As expected, Gavin Newsom (D) was elected as governor of California on a Tuesday night by a relatively large margin over Republican candidate John Cox.
Many in the advocacy community are now waiting to see what his election will mean for children’s issues in the state, including the child welfare field. Newsom did not appear often in public debate with other candidates on the campaign trail, and only once with Republican candidate Cox after the primary.
He gave little indication of his thoughts on children’s issues during the campaign, opting instead to focus on hot-button issues like housing, homelessness and healthcare, though Newsom did prominently tout his goal for universal preschool and early education support in campaign ads.
Back in May, Newsom did write some thoughts about child welfare, children’s health, juvenile justice and other children’s topics in a questionnaire we sent him as part of The Chronicle of Social Change’s gubernatorial forum.
In it, he called eliminating child poverty his administration’s “north star.”
Newsom also said he has a two-part plan to tackle high California’s child poverty rate — the state currently has the nation’s highest child poverty rate at 22.8 percent. In Los Angeles and Santa Barbara counties, those numbers are as high as 28 percent.
Newsom wrote that he would advocate for family nurse visits for low-income families, expand the Earned Income Tax Credit for low-earning families and offer universal access to affordable, high-quality child care. He would also support families “by launching college savings accounts for every incoming kindergartener, guarantee two free years of community college tuition, and set California on track to generate 500,000 earn-and-learn apprenticeships by 2029 to create a new vocational education pipeline of high-skill workers.”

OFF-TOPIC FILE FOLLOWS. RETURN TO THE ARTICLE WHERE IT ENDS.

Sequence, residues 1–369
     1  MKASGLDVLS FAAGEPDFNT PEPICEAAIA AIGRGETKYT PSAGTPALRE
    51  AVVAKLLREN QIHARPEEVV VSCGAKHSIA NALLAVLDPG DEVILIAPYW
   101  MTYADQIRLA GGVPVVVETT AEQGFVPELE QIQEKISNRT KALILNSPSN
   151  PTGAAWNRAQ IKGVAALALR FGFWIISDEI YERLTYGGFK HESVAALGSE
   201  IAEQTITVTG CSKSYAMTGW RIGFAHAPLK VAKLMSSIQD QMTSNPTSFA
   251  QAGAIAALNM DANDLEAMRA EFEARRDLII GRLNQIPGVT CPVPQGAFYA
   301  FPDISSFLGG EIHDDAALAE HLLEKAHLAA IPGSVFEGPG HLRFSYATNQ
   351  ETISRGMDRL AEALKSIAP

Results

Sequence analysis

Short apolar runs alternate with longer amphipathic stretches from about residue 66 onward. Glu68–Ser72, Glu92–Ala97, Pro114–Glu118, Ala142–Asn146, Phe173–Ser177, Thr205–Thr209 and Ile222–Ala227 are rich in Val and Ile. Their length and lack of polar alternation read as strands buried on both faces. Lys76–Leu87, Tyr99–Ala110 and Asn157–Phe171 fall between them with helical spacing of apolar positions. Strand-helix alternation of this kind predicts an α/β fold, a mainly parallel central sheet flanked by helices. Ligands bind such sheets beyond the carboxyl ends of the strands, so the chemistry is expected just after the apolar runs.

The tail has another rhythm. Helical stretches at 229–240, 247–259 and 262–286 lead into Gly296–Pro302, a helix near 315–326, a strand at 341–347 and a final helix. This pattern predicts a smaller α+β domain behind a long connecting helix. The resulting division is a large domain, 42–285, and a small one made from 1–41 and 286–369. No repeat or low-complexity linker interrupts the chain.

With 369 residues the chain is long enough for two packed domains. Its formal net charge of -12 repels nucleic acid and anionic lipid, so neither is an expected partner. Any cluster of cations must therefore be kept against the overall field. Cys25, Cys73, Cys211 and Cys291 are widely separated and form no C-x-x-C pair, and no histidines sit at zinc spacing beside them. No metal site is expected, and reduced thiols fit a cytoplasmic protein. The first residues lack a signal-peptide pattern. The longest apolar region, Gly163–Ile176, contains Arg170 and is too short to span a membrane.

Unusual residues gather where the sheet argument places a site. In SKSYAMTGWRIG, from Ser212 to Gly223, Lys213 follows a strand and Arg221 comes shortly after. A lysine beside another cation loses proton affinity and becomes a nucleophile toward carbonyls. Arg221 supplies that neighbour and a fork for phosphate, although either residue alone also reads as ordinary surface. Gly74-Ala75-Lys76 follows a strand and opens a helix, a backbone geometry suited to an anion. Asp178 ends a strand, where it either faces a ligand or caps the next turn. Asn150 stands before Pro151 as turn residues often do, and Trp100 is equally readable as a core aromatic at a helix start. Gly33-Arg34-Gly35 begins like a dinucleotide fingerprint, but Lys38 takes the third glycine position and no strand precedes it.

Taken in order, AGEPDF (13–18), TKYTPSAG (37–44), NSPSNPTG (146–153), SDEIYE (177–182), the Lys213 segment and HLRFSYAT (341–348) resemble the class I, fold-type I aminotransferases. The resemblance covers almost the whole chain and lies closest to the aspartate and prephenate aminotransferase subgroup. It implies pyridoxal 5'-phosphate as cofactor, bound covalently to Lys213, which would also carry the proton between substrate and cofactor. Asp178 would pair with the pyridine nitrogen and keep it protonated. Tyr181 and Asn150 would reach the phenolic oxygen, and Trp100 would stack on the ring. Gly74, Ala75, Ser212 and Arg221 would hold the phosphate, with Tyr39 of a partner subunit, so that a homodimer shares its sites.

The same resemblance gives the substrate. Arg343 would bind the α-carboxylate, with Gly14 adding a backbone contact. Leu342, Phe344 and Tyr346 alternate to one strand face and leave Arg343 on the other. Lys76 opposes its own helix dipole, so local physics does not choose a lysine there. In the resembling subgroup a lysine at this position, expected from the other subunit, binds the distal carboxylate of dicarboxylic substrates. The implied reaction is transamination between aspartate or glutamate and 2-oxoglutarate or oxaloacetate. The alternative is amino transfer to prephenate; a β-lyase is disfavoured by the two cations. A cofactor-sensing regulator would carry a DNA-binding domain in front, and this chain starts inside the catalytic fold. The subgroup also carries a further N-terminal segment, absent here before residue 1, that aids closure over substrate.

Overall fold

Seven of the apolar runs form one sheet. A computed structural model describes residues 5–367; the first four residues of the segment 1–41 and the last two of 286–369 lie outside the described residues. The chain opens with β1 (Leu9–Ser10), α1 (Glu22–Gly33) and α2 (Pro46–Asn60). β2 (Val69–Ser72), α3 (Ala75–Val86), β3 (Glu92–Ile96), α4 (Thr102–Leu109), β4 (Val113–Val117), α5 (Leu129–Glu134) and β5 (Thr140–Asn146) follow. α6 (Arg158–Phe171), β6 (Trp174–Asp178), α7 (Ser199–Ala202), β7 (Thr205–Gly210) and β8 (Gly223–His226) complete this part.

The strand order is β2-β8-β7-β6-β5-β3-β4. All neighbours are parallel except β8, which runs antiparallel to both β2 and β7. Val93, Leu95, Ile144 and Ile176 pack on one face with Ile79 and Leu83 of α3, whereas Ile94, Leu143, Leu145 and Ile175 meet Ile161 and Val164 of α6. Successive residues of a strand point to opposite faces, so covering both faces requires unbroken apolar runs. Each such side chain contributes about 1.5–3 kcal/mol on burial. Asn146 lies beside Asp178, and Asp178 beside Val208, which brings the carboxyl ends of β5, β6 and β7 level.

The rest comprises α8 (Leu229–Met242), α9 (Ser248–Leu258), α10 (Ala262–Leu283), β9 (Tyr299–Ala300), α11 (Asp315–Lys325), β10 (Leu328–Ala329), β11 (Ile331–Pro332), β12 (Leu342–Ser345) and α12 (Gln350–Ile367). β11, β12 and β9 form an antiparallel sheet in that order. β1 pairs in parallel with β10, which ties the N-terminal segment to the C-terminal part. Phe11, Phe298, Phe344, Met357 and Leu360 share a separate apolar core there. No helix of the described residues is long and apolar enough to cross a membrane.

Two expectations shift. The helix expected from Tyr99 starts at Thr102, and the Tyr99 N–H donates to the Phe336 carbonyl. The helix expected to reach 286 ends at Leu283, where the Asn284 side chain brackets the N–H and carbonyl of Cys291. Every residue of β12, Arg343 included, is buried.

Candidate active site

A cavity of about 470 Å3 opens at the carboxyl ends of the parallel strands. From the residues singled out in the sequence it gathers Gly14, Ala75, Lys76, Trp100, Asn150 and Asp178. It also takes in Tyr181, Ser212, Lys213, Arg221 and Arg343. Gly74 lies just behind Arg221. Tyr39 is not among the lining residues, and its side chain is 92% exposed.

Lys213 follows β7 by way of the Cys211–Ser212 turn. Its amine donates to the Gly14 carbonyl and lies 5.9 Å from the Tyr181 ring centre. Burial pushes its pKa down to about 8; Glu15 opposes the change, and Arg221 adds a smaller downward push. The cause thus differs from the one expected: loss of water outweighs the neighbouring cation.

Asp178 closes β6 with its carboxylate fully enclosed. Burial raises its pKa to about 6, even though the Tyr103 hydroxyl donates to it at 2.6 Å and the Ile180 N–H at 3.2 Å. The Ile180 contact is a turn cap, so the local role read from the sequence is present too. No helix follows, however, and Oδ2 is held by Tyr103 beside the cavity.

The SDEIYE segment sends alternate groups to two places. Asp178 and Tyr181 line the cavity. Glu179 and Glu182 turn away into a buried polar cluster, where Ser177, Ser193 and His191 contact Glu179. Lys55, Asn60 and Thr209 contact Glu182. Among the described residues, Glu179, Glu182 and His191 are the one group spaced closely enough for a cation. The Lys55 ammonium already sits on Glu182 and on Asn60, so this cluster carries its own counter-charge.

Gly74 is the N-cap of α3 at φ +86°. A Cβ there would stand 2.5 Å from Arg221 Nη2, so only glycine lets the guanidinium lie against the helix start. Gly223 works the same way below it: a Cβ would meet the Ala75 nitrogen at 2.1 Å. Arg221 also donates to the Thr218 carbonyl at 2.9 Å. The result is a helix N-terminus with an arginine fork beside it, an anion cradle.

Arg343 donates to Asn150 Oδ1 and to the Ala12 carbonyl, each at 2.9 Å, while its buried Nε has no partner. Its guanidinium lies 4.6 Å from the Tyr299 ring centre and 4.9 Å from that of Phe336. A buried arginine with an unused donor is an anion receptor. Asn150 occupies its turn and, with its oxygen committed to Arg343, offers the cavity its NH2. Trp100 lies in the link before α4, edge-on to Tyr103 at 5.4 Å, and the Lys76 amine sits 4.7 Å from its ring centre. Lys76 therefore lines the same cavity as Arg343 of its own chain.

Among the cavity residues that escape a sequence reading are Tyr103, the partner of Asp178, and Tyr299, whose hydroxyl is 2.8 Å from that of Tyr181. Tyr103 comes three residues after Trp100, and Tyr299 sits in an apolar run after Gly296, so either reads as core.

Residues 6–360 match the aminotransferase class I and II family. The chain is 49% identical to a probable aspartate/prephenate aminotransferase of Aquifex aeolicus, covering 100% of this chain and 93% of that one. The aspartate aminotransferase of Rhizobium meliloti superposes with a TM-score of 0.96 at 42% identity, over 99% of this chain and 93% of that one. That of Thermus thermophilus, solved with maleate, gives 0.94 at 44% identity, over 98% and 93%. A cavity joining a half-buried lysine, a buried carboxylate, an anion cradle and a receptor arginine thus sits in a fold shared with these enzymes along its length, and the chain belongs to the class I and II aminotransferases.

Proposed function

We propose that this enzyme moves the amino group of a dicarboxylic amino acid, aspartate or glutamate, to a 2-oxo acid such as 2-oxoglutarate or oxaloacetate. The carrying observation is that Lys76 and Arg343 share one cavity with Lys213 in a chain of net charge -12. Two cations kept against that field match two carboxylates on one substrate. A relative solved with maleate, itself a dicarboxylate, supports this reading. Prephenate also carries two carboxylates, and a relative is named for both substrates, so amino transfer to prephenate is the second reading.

Newsom is also notable for his familiarity with adverse childhood experiences (ACEs), the idea that trauma early in life can lead to high risk for poor health outcomes later in life and justice-system involvement.
“First and foremost, we know that the ACEs research shows that incidents of childhood trauma impact children for a lifetime, including setting them up for disproportionate interactions with the criminal justice system,” Newsom wrote in response to a question about the role of child trauma for those young people in the juvenile justice system. “In addition to the early childhood interventions I’ve mentioned above in order to prevent ACEs, we need to recognize trauma in our systems of support for children and students.”
Newsom also pledged to take a prevention-based approach to working youth in the juvenile justice system.
“I will also continue to be an advocate for prevention programs that help at-risk youth stay out of the criminal justice system, as well as rehabilitation and diversion programs that assist non-violent criminals become contributing members of society,” he said.
The governor-elect also vowed “to better support the children in our child welfare system, from cradle to career, including a better recognition of foster children’s needs in our child care and public education systems.” He has mentioned support of the current California Gov. Jerry Brown’s Local Control Funding Formula (LCFF), which offers additional resources to low-income students, foster youth and English-language learners, who face persistent achievement gaps.